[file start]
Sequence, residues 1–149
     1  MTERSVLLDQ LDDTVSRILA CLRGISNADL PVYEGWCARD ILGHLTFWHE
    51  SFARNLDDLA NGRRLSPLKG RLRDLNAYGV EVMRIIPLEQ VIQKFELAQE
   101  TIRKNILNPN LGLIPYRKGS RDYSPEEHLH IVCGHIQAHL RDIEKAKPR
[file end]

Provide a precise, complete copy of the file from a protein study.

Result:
Sequence, residues 1–149
     1  MTERSVLLDQ LDDTVSRILA CLRGISNADL PVYEGWCARD ILGHLTFWHE
    51  SFARNLDDLA NGRRLSPLKG RLRDLNAYGV EVMRIIPLEQ VIQKFELAQE
   101  TIRKNILNPN LGLIPYRKGS RDYSPEEHLH IVCGHIQAHL RDIEKAKPR